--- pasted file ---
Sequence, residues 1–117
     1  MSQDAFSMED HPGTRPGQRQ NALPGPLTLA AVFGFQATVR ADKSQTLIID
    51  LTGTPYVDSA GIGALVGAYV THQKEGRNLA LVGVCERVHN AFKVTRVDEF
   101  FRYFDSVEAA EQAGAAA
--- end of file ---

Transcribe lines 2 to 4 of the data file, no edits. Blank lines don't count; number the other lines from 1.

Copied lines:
     1  MSQDAFSMED HPGTRPGQRQ NALPGPLTLA AVFGFQATVR ADKSQTLIID
    51  LTGTPYVDSA GIGALVGAYV THQKEGRNLA LVGVCERVHN AFKVTRVDEF
   101  FRYFDSVEAA EQAGAAA